I am more on the positive side, at the end you hear a family, so I think the guy survived…
(whispers) Well, that is for you to decide.

By the way, I had never expected that an album of Anathema should be called ‘The Optimist’…
Yeah, there you go… the title is ironic.

Indeed, I was thinking that too. The album is also rather dark tinged, so some sarcasm makes sense…
(laughs) It is. The title actually comes from a documentary of a German refugee from Syria. He lives in Germany now. He had a very difficult time, travelling and so on, and he said that the music of Anathema saved his life. That’s what he said. I met him and he is a very nice guy. A very nice person. He is now living in Germany, learning the language, doing school and all of that stuff. And they were making a documentary about him, about his life and about what he is trying to achieve, his feelings and that documentary was called ‘The Optimist’ and I met him. They arranged a meeting for me, as a surprise I met him, we connected and we are still friends. When I began writing on piano for ‘The Optimist’ I was a little bit thinking about that story and I called the song ‘The Optimist’ on my phone and went to bed. That was it. I just left it and then even though I wrote a song about something else, it is still a feeling about trying to escape, so I kept the title. If I had never met this guy, probably this album was not called ‘The Optimist’ and maybe even that song did not happen.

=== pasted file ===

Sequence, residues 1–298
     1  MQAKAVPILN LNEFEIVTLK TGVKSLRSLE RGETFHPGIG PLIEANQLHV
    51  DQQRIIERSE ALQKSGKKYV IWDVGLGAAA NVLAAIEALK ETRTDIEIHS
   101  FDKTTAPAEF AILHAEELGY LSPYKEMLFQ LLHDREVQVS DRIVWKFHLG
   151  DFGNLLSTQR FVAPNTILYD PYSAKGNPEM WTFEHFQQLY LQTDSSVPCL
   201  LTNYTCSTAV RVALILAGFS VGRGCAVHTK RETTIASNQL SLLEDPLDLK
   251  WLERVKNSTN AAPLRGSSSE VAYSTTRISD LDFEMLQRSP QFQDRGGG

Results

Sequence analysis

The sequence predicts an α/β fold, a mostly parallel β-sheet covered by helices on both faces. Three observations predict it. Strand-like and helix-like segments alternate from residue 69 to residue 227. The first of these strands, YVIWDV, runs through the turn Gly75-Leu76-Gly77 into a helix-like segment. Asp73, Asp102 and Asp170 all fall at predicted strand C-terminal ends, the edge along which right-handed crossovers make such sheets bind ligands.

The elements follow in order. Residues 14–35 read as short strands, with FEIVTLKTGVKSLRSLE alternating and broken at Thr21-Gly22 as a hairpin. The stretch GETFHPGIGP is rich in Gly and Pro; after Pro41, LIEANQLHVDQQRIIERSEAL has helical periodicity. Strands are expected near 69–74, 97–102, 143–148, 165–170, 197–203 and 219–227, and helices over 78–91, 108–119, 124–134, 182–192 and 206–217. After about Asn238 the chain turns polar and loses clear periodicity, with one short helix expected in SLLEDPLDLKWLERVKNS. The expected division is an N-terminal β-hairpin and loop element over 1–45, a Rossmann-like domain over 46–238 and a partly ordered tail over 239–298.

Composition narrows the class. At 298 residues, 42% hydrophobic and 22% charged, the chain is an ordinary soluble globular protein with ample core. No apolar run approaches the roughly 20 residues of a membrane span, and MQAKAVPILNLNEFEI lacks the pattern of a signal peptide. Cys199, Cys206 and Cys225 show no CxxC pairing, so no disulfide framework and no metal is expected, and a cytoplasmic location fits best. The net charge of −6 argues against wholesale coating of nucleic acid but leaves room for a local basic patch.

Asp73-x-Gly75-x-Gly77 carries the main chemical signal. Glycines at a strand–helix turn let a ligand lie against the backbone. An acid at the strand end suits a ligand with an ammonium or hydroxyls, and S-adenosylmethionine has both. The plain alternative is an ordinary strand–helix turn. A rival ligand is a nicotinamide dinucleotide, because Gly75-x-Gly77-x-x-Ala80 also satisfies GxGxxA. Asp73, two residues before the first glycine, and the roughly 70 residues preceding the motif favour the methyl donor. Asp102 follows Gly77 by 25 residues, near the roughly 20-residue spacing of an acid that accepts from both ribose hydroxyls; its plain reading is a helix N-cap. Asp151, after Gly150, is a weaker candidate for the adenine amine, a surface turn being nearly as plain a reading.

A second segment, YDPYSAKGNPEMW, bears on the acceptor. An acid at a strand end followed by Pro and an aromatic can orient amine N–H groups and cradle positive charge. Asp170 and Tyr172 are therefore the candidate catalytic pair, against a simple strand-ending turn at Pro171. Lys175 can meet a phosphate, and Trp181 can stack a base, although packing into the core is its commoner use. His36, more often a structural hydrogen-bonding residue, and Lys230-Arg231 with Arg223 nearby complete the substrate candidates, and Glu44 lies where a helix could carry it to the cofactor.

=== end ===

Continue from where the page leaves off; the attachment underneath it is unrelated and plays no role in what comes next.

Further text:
Coincidences often change life. I think you have been working with a new guy for the production: Tony Doogan. What about this experience? How did you get in contact with him?
Yes, that’s right. We got in contact with him through our manager. He suggested a few other names. Well, it was one of those things happening... We spoke to him, we saw that he had done a lot of good things, like Mogwai, and he said yes to the project. I am very grateful that he said yes, because he was fantastic and amazing. He pushed us all over on this album. I am very thankful about that.